New Delhi: Unpredictability is the most scary feature of Covid-19. What if it was possible to predict who would get what symptoms and who would eventually need oxygen or ventilator support? In an attempt to find answers to those questions, researchers from King’s College London have, in a non-peer reviewed paper, categorised patients into six “clusters” based on their symptoms.
Their contention is that not all Covid-19 patients show all the symptoms and by correlating these, an assessment could be made about who might end up in the “severe” disease zone.
Among the known symptoms of Covid-19 are fever, cough, fatigue, shortness of breath, muscle pain, sore throat, diarrhoea, and loss of smell and taste.
Using a smartphone app, the study obtained data from “1,653 users of the app with persistent symptoms and regular logging — from disease onset until hospitalisation or beginning of recovery — for which the data inclusion cut-off was 30 April 2020”.
An independent replication set consisting of 1,047 participants was created for comparison.
The researchers wrote: “Compared to Cluster 3-6, of which 8.6 per cent-19.8 per cent required respiratory support, Cluster 1 and 2 represent milder 5 forms of Covid-19 with 1.5 per cent and 4.4 per cent, respectively, requiring respiratory support.”
“These clusters showed predominantly upper respiratory tract symptoms and were distinguished from each other by the absence of muscle pain in Cluster 2 compared to Cluster 1, and slightly increased reports of skipped meals and fever in Cluster 2,” they wrote.
“Cluster 1 had notably lower mean age and BMI than the clusters containing patients with higher likelihood of requiring respiratory support. Cluster 3 shows stronger gastrointestinal symptoms in isolation (diarrhoea, skipped meals) and a relatively reduced need for respiratory support, of 3.7 per cent.”
“However, the associated rate of hospital visit was high compared to Cluster 1 and 2. Cluster 4, 5 and 6 included participants reporting more severe Covid-19 with 8.6 per cent, 9.9 per cent and 19.8 per cent of individuals within these clusters, requiring respiratory support, respectively. These three clusters represent distinct 5 presentations, with Cluster 4 marked by the early presence of severe fatigue and the continuous presence of chest pain and persistent cough,” the researchers said.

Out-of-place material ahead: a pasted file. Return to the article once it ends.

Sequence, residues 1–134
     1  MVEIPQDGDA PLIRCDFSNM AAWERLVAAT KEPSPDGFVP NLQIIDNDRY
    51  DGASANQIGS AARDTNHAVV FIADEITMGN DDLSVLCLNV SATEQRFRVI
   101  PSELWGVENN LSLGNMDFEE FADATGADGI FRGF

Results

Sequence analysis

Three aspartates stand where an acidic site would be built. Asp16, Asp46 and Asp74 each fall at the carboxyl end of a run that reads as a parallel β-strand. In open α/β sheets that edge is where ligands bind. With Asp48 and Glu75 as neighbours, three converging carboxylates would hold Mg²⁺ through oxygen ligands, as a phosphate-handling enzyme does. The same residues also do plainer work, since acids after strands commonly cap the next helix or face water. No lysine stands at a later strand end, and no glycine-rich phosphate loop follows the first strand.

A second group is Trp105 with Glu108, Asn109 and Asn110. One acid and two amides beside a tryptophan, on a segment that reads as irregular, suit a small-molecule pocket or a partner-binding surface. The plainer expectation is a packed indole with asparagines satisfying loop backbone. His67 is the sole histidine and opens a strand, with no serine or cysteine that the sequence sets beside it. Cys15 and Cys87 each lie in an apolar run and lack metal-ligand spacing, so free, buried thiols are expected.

Individuals in Cluster 5 reported confusion, skipped meals and severe fatigue. Those in Cluster 6 reported more marked symptoms of respiratory distress, including early onset of shortness of breath accompanied by chest pain.
“These respiratory symptoms were combined with significant abdominal pain, diarrhoea and confusion when compared with other clusters. The proportion of frail people was higher in Cluster 5 and 6 than in what we consider to be the milder clusters,” they added.
To sum up, this is what the classification the researchers have arrived at looks like:
Cluster one — More likely to have a sore throat, persistent cough, headache and loss of smell. May have chest pain, but unlikely to get shortness of breath. Suffers from muscle pains but mostly complains of the upper respiratory tract being affected but usually no fever.
Chances of needing respiratory support for this cluster is 1.5 per cent.
Cluster two — Reports with cough, fever, headache and sore throat. Could be skipping meals and also suffer from loss of smell as the disease progresses.
Respiratory support — 4.4 per cent.
Cluster three — The respiratory symptoms are less pronounced but there is diarrhoea and a loss of appetite causing the person to skip meals.
Respiratory support — 3.7 per cent.
Cluster four — Cough, chest pain and headache are the predominant symptoms. There is fatigue as the disease progresses and mild fever in some cases. There is also loss of smell in the later days.
Respiratory support — 8.6 per cent.
Cluster five — There is headache, fever cough and sore throat with diarrhea, skipped meals, muscle pains, chest pain abdominal pain, hoarse voice and loss of smell.
Respiratory support — 9.9 per cent.
Cluster six — Almost all the symptoms are present, including shortness of breath as the disease progresses. There is acute headache, fever, cough and loss of appetite.
Respiratory support — 19.8 per cent.
Talking about the utility of the study, the researchers said: “The ability to predict medical resource requirements days before they arise has significant clinical utility in this pandemic. If widely utilised, healthcare providers and managers could track large groups of patients and predict numbers requiring hospital care and respiratory support days ahead of these needs arising, allowing for staff, bed and intensive care planning.
“As a clinical tool, this approach could be implemented at local level, allowing patients to be monitored remotely by their primary healthcare teams with alert systems triggered when individuals demonstrate symptomatology associated with a high-risk cluster.”